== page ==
California Propositions 2022: What’s on the November ballot?

A breakdown of November’s ballot measures by Independent Institute experts

On November 8th, Californians will vote up or down on key propositions. Here’s expert analysis from researchers at the Independent Institute, offering what you need to know about these ballot measures:

Prop 1
Proposition 1 Is Perverse Virtue-Signaling 
Since abortion is already completely legal in California, why is Prop 1—which will amend the state constitution to guarantee a right to a state-funded abortion—on the ballot, and why are more than $9 million being spent to support its passage? California taxpayers are burdened enough without having to bear the cost of on-demand abortions for anyone, from anywhere, up to full term. READ MORE »

Props 26/27
Propositions 26 and 27 Are More about Protectionism than Gambling  
Propositions 26 and 27 are ostensibly about sports betting, but they are rife with objectionable provisions and protectionism for the special interests pushing them. Californians would be better served by ditching both propositions and pressuring lawmakers to remove existing restrictions on gambling. READ MORE » 

Prop 29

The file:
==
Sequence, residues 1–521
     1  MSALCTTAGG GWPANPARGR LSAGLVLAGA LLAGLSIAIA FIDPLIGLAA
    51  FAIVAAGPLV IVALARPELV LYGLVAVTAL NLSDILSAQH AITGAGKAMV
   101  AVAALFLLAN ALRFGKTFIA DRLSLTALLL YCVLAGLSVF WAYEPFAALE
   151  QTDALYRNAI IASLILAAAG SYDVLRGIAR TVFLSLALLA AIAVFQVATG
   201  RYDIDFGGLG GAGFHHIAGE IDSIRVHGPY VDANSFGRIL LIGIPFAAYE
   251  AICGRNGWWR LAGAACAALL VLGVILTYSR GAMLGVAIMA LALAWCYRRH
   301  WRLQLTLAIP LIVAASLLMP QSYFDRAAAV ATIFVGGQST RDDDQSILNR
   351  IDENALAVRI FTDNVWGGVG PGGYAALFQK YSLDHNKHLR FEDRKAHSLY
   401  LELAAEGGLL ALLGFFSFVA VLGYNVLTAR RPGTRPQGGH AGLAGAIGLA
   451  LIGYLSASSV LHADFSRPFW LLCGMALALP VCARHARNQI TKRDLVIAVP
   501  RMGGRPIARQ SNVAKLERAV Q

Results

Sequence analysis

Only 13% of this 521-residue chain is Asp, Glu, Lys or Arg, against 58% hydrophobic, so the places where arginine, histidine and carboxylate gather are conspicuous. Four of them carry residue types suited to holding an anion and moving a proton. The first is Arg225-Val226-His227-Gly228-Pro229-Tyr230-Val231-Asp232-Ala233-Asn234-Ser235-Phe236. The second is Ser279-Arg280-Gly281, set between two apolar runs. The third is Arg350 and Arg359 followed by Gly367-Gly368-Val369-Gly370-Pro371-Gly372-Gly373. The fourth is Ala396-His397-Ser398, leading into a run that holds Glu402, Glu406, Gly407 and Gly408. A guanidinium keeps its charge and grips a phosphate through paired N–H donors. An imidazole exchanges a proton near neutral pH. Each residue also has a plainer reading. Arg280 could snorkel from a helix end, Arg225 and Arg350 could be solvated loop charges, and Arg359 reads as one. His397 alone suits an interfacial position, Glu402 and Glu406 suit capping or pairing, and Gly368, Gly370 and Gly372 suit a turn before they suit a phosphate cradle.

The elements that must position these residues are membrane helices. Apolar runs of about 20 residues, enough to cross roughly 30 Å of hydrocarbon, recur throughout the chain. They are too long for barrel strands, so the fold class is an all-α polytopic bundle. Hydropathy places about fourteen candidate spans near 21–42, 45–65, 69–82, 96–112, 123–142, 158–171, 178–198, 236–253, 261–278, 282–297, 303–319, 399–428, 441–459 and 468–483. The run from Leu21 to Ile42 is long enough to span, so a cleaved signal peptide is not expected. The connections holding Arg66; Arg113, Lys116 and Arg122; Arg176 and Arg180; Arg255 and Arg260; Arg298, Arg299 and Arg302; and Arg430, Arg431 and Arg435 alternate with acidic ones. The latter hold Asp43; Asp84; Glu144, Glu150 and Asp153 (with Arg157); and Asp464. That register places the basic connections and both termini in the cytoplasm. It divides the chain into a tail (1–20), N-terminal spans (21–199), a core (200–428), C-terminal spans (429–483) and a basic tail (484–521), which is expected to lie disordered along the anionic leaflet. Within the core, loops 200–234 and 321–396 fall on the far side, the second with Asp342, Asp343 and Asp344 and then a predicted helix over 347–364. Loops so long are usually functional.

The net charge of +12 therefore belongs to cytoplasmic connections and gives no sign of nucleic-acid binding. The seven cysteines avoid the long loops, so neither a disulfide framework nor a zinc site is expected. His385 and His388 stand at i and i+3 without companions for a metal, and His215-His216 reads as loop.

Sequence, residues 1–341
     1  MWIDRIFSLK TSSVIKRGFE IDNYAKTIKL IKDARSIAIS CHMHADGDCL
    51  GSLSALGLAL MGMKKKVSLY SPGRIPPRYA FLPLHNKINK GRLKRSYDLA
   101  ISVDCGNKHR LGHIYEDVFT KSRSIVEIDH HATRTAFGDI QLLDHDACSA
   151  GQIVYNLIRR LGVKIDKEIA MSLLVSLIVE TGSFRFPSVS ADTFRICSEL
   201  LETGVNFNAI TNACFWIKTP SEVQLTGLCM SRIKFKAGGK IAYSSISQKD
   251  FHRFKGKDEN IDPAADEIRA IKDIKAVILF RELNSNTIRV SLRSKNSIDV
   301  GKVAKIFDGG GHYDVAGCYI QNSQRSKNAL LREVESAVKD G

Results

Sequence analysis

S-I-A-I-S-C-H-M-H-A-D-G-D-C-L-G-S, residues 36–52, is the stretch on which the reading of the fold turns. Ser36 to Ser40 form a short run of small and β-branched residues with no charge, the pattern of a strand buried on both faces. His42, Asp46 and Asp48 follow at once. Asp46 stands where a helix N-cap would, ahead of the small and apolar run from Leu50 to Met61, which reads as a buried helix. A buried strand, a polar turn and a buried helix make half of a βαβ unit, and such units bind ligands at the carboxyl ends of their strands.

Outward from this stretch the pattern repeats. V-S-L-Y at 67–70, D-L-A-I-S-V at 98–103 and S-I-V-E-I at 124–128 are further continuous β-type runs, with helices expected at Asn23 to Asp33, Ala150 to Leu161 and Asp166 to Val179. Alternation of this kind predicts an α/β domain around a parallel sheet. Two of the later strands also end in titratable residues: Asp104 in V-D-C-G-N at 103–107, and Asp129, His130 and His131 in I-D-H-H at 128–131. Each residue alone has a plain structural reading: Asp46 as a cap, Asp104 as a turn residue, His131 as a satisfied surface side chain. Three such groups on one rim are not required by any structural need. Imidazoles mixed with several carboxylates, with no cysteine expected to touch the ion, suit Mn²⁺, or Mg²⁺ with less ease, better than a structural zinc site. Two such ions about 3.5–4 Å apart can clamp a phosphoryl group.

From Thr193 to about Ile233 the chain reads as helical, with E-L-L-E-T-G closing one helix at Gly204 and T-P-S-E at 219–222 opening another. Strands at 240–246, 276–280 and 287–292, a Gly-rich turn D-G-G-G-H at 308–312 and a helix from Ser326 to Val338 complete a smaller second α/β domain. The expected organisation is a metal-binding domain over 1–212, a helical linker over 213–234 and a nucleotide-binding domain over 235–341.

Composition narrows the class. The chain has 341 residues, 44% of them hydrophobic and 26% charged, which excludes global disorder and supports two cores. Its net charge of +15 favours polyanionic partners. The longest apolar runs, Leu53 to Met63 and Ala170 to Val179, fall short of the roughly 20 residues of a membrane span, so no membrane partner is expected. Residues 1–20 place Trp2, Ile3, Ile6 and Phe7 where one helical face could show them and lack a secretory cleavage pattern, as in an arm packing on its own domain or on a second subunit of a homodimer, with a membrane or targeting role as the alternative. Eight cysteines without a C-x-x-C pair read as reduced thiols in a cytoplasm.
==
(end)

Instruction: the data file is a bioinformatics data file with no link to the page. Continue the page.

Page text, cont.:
Proposition 29 Is about Union Extortion, Not Dialysis Care
Does Prop 29, which would impose unnecessary regulations on the dialysis industry, sound familiar? It should. It’s the third such measure in five years. Prop 29 is yet another cynical attempt by the union to impose financial pain on an industry that it has been trying for years to unionize. READ MORE »

Prop 30
Proposition 30: A Destructive Tax Increase
Proposition 30, primarily sponsored by Lyft, would increase taxes by 1.75% on income greater than $2 million, shifting that tax revenue to zero-emission vehicle subsidies, electric-vehicle charging stations and wildfire suppression and prevention initiatives. When is enough enough? It’s past time to stop the bleeding and put California taxpayers first. READ MORE »

Prop 31
Proposition 31 Is A Bad Way to Deal with Flavored Tobacco
If it passes, Prop 31 would reaffirm SB 793, a 2020 law that bans the sale of many flavored tobacco products. Californians will be better off without the ban, which disproportionately affects the vaping market. And it does more harm than good by pushing users toward riskier alternatives to cigarettes. READ MOR»

Prop 31
Proposition 31: Big Police Can Be Worse than Big Tobacco
Big Tobacco, which proponents of Prop 31 say they are targeting, is politically unpopular, no question. And tobacco use of course risks harmful health consequences. But Prop 31 addresses this issue the wrong way. We don’t need Big Police locking people up or worse because consumers prefer mint-flavored tobacco. READ MORE » 

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